It’s no secret that many software development teams now favor the agile methodology as compared to the traditional waterfall methodology. Agile, being more adaptive, makes product development more efficient by breaking down the development process into smaller, iterative cycles or sprints. In order to follow this approach, it becomes essential to test often and test fast and keep the focus on continuously improving the product from iteration to iteration. Considering that there are new features that are added after each sprint, the testing process in such development environment has to be agile as well to enable continuous development of the product.
In Agile development developers need to ensure that each new change that is implemented during each sprint works in harmony with the other parts of the application and does not impede the application functionalities. Given the sheer volume of tests that need to be done during product development in agile, looking towards test automation becomes not only necessary, but also inevitable. Test automation facilitates the frequent build and release process both for system and integration tests. However, implementing test automation in agile development needs careful planning as the test object keeps changing continuously with the sprints. So what should we focus on when defining a test automation strategy for agile?
Identify what to automate
As much as we would want to, automating all tests is neither possible, nor desirable. Instead of automating all the tests from the word ‘go’, we need to determine what we need to automate first. A few things to consider when determining this are:
1. Which functionality is critical to the business?
2. Which functionalities will be used most frequently by the users?
3. Which tests need to be run using different configurations?
4. Which test cases need to run several times using different test conditions and data?
5. Which test cases will show the expected result fastest?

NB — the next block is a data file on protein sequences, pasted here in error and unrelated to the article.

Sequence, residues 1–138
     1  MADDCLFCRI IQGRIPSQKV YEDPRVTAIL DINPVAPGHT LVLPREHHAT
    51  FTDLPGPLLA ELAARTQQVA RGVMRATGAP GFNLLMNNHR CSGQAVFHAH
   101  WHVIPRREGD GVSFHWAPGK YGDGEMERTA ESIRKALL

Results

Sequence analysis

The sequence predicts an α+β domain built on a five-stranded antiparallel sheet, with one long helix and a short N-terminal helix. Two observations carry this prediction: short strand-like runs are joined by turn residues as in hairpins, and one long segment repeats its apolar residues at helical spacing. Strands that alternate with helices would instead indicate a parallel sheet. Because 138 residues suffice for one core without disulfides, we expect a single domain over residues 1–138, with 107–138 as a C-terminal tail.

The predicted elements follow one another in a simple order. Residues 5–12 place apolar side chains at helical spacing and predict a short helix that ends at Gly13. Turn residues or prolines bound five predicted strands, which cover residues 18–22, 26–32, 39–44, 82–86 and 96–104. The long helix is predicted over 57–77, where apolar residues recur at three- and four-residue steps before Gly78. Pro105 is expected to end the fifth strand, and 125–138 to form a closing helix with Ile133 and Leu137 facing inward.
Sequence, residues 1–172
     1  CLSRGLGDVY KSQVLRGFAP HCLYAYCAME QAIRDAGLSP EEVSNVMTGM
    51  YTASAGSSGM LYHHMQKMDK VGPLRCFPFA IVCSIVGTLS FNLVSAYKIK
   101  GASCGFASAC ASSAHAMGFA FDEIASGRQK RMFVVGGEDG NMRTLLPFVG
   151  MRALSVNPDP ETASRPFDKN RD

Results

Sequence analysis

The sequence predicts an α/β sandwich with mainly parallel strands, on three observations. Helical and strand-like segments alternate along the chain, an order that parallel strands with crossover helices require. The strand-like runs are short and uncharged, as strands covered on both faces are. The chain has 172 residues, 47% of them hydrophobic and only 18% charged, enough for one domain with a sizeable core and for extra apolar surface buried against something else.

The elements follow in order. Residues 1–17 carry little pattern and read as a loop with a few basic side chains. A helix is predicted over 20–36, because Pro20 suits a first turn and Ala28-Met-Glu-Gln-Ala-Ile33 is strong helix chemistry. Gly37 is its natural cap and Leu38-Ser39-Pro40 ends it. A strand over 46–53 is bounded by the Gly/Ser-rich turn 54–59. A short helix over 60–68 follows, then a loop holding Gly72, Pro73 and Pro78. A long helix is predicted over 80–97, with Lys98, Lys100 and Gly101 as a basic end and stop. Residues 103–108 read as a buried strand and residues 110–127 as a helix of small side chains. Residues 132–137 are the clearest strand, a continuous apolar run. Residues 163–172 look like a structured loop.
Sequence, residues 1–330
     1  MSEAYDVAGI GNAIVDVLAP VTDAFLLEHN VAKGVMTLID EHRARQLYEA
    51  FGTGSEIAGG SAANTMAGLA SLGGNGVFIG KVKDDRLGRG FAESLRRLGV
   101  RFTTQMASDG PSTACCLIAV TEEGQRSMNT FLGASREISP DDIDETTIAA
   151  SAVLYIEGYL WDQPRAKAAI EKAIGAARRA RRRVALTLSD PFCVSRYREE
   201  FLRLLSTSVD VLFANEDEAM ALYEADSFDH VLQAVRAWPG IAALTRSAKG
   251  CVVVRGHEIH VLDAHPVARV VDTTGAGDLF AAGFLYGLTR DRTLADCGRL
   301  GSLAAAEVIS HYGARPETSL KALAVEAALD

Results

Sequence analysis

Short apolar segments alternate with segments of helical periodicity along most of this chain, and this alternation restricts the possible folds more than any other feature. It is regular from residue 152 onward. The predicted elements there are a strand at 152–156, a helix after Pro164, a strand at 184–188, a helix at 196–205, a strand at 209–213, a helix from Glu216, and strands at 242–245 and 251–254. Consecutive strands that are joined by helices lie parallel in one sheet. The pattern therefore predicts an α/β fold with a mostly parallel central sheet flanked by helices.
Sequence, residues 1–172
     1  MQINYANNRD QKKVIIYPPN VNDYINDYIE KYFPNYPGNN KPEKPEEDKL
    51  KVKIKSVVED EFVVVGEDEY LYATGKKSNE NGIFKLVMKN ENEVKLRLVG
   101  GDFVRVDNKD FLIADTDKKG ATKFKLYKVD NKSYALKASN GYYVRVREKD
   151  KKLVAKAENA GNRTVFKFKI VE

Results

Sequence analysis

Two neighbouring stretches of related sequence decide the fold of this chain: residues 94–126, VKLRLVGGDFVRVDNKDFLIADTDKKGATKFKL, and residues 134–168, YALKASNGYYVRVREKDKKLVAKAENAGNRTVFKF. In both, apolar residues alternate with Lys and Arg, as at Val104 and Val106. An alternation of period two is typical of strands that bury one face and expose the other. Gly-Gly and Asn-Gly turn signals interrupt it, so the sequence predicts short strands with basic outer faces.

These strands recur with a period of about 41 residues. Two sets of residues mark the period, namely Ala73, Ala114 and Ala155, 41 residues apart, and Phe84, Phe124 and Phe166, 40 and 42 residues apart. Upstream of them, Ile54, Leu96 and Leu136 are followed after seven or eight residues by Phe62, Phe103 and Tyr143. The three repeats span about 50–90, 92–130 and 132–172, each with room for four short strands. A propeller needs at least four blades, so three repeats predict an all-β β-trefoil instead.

In the traditional Test Automation pyramid, a large portion, sometimes as much as 80% of the automation is centred on UI tests. These functional tests explore the application via the GUI. Given the comfort of the testers around functional testing, the traditional test automation strategy places little emphasis on the middle and the lower tier of the test automation pyramid. However, considering in agile development the application changes frequently, the UI changes and this inevitably impacts the automation by impacting the stability and increasing the time and maintenance costs.
When executing test automation in agile, it, thus, makes sense to flip the pyramid and place a greater importance on unit level automation, using that as an entry point for automation. The Service and Middle Tier sees approximately 20-40% of automation and consists of Acceptance, Integration, and Component tests. UI testing, thus moves to the upper tier of the pyramid.
In agile development, unit tests need to be run after every build. Running automated tests at the lower level allows developers to check their work as they proceed, identify where the bugs are, and implement the changes. Bugs have a much shorter lifespan here since they don’t have many places to hide.
Once the unit tests are complete, testers need to check that all the components of the product are functioning in harmony with one another with the help of API/ integration/ component testing. The business logic of the product is tested here without even going to the UI. Automating this test layer requires skill as they demand fast test execution. However, once despite being slower and more complex than unit tests, they are not as brittle as UI tests and hence lend themselves easily to automation.
Considering that releases in the agile product development are frequent and fast, it can be easy to base the automation suite only on unit tests as this is the best code base to build the suite on. However, doing this limits the scope of automation and the immense value it can bring to product development. For automation to deliver value, it has to address system tests, integration tests, and the obvious functional and regression tests as well. To do this effectively and to avoid technical debt, taking the ‘test first’ approach ensures that testing is integrated into the product development process from the very start.
A robust test automation suite is critical for the success of agile development. However, it calls for taking an iterative approach with testing. Creating meaningful tests, selecting the right test automation tools and keeping an eye out for maintainability and execution ease are critical for success. In closing, we can say that given the planning requirements of this approach, the foundation of a great test automation strategy starts with taking a ‘whole team approach’ – where the developers and the testers have to work together as a team to deliver the promised benefits of the agile approach.